The BTG student interns participated in the daily routines of the People With Hope unit to learn about recovery and the program’s philosophy. They also worked with the staff and residents to identify and address the current health needs of the unit’s residents. They then developed a series of reproducible health education seminars revolving around topics of HIV/AIDS, hepatitis, diabetes, cardiovascular health, mental health and nutrition. The interns gave weekly health seminars and created educational games to review the information presented. The games, including Health Jeopardy and Hepatitis C Bingo, can be employed to educate future clients on relevant health issues. The interns worked directly with clients to promote self-advocacy in a health care setting; this included escorting clients to physician visits around the city and helping them learn to advocate for themselves. The interns also researched and presented various community resources available to clients; these resources may support maintaining sobriety as well as effectively managing their HIV and mental health outside of an inpatient setting. Anna remarks, “My time at Gaudenzia has quickly eliminated the bubble I previously resided in and given me invaluable insight to community-based and city medicine. Issues like HIV/AIDS, substance abuse and mental illness are not always given the advocacy that they really need, and I know my time at Gaudenzia has provided me with countless tools on interacting with patients from these populations. I’ve also learned that sometimes a listening ear and a shoulder to cry on can work wonders, that respecting someone is worth more than admiration, and that coping skills are a necessity in the field of medicine.” Amy states, “It is well known that access to health care in the United States can mean the difference between life and death. Lack of insurance forces many people in need to be turned away from seeking help and treatment. Unfortunately, the populations most vulnerable to severe health problems are those that do not have health insurance and other resources to seek help. The BTG program allowed me to work with and learn about the hardships faced by a particularly vulnerable population in Philadelphia. … It is imperative that underserved populations know about healthy lifestyles so that one can participate in their own health maintenance and learn to advocate for personal care among health care professionals. BTG helped me realize the diversity of patient populations in Philadelphia and that each demographic has specific needs that must be acknowledged, dealt with and monitored so that patient care is available to all regardless of financial ability, making medical vulnerability a thing of the past.”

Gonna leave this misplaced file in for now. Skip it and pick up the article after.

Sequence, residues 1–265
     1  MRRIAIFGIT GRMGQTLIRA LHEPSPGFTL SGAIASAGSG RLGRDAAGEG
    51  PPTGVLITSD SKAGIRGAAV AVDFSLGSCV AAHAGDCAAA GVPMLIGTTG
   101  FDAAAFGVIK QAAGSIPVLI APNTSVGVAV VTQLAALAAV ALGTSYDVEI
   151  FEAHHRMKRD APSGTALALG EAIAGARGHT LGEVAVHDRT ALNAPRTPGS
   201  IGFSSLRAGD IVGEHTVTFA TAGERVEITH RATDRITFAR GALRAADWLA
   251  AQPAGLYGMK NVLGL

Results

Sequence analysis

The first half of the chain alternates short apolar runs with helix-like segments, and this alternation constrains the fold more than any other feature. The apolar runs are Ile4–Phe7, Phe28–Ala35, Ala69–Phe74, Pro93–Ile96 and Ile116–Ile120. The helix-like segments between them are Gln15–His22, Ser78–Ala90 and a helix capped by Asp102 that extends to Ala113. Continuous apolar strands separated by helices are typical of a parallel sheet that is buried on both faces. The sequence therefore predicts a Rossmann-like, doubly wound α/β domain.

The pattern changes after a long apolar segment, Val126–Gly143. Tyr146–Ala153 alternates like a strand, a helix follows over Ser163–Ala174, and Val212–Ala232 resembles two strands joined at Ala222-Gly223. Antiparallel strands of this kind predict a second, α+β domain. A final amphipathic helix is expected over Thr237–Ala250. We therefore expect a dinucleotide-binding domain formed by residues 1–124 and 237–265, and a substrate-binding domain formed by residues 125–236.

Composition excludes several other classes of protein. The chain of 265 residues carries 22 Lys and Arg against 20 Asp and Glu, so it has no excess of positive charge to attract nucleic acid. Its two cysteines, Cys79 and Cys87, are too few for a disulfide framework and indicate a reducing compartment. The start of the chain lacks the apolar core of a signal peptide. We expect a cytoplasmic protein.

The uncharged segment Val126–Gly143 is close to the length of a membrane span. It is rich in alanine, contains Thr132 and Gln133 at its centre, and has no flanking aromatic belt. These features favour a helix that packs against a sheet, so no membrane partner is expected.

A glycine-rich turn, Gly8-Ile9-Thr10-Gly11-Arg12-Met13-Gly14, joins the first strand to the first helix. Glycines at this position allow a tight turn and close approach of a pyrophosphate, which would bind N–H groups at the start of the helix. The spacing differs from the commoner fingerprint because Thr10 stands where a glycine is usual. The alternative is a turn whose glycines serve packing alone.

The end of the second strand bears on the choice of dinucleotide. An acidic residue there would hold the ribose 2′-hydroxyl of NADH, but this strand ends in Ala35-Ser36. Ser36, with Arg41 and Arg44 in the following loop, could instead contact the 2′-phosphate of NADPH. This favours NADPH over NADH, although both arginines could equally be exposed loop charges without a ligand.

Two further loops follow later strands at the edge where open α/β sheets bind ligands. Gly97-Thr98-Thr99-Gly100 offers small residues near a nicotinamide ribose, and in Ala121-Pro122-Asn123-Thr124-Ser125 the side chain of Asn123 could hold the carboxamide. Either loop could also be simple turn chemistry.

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Substance Abuse Recovery: Mind, Body and Soul